If leave of absence lingo is a foreign language to you, you aren’t alone. For your clients, however, managing employee leaves of absence is oftentimes a significant part of their job and a major pain in their side. In the middle of a conversation they may say something like, “I’m drowning with all these leaves of absence requests,” and it’s not always clear exactly what they mean. You can tell they’re struggling, but what it is they’re struggling with might not be obvious.
To help you become fluent in all things leave of absence, we’ve provided a breakdown of some of the roles and responsibilities People Ops professionals have as it pertains to managing their employees’ leave of absence requests so you can better understand their frustrations and provide solutions that meet their needs.
When an employee needs to take time away from work for a life event like adding a new member to their family, to grieve over the loss of a family member, or to recover from an operation (to name a few) employees may have certain rights that allow them to take a leave of absence from work.
It’s on the People Operations team to manage the leave of absence process for their employees, and the process is complex and filled with compliance hazards. In most organizations, this process is usually being managed manually in-house via a nest of spreadsheets, email chains and calendar invites, or their only solution is an add-on afterthought provided by their insurance carriers. Since carriers don’t specialize in leave management, People Ops pros find that they aren’t very effective at meeting the complex needs required to effectively support a leave.
If managing the leaves themselves weren’t enough, when employees have questions pertaining to their specific leave of absence they’re turning to People Ops pros for answers. This support and attention must be provided to every employee taking a leave, and the drain this causes on bandwidth is often more than People Ops can sustain and still effectively do their other job functions.
Things your client is being asked to do:
Determine FMLA eligibility: The Family and Medical Leave Act is a federal program that gives eligible employees job protection for up to 12 weeks when taking leave for a qualified event. Your client is required to notify employees of their FMLA rights and help establish their eligibility. FMLA does not provide employees with pay compensation, only job protection.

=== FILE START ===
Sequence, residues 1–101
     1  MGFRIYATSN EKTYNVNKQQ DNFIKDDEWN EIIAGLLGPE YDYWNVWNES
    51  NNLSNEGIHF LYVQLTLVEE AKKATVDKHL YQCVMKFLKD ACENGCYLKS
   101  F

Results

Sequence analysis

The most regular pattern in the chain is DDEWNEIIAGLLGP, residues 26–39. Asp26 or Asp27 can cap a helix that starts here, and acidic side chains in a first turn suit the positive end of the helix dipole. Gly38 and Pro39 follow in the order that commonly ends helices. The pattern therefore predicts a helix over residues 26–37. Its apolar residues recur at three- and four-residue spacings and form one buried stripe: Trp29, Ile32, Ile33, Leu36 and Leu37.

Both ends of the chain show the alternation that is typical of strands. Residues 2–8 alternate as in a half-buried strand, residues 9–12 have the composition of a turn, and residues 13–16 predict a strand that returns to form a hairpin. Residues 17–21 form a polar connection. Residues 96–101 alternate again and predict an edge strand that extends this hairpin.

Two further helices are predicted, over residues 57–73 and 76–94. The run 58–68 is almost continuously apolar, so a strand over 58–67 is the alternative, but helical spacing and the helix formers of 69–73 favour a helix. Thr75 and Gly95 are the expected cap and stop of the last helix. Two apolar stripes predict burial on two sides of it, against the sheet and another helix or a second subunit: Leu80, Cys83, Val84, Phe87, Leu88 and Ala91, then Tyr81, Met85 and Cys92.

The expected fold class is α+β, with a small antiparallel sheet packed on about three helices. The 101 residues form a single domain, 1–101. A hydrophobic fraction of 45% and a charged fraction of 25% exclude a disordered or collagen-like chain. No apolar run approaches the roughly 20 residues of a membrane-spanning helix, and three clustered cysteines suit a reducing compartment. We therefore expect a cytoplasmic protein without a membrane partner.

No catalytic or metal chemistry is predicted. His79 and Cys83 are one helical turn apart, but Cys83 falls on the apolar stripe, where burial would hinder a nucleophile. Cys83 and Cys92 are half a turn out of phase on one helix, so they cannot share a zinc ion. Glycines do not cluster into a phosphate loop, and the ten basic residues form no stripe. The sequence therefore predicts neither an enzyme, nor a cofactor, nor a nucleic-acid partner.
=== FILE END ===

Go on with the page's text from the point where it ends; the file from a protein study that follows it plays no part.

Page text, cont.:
Confirm medical certifications: Depending on the leave, there’s a good chance the employer will require a medical certification verifying that the need for the leave of absence is valid.
Help employees apply for state benefits: Some states have their own paid benefits programs that provide a percentage of salary compensation to the employee. Your client will need to know if the state their employee resides in has such a program, and if so, they’ll need to help their employee navigate the ins and outs of the claim filing process.
Ensure employer-paid benefits are kicking in: In addition to FMLA and state benefits, your client’s organization might have their own paid benefits through a provider. The duration of these benefits might not be the same as the state benefits or FMLA, so job protection and salary pay calculations need to be considered.
Sync with payroll: On the topic of pay calculations, your client’s payroll department needs to know what the employee is owed by the company. This means that they need to sync with payroll to ensure the amount provided by employer benefits and state benefits are accurate so any top-up (making the employee’s paycheck whole) calculations are accurate.
Stay up to date with leave laws: Leave laws change all the time. From eligibility requirements to the amount of time and money a state might help cover the costs of a leave. Every state has different laws and not adhering to them could mean major financial implications for an organization. Your clients are likely having to Google leave laws in states they’ve never stepped foot in and hope they’re interpreting the laws correctly.
Educate managers: Your clients also have to worry about the managers of the employee taking leave knowing what they can and can’t say during a leave. If a manager isn’t aware of up-to-date leave laws, they might send the organization toward a lawsuit.
Track changing leave dates: Leaves of absence are rarely straightforward, and even when they are they are still subject to shifts in leave start and stop dates. If an employee plans to return to work early or gives birth early, this can have an impact on everything from team workload to pay sources.
These are just some of the tasks and responsibilities your clients are dealing with when trying to manage one leave of absence. Now multiply this by every leave request that comes across their plate and you can see why they’ve had enough.
Now that you know what’s required of your clients to effectively manage a leave of absence, you won’t be caught flat-footed and can help them by providing solutions that alleviate their struggles.
3rd-party solutions like Tilt take all of these stressors off of their plate entirely, and if you have more questions about what a 3rd-party solution can provide compared to a carrier we’ve written more about that here.
Tilt is leading the charge in all things leave of absence management through easy-to-use tech and human touch. Since 2017, our proprietary platform and Empathy Warriors have been helping customers make leave not suck by eliminating administrative burdens, keeping companies compliant, and providing a truly positive and supportive leave of absence experience for their people.
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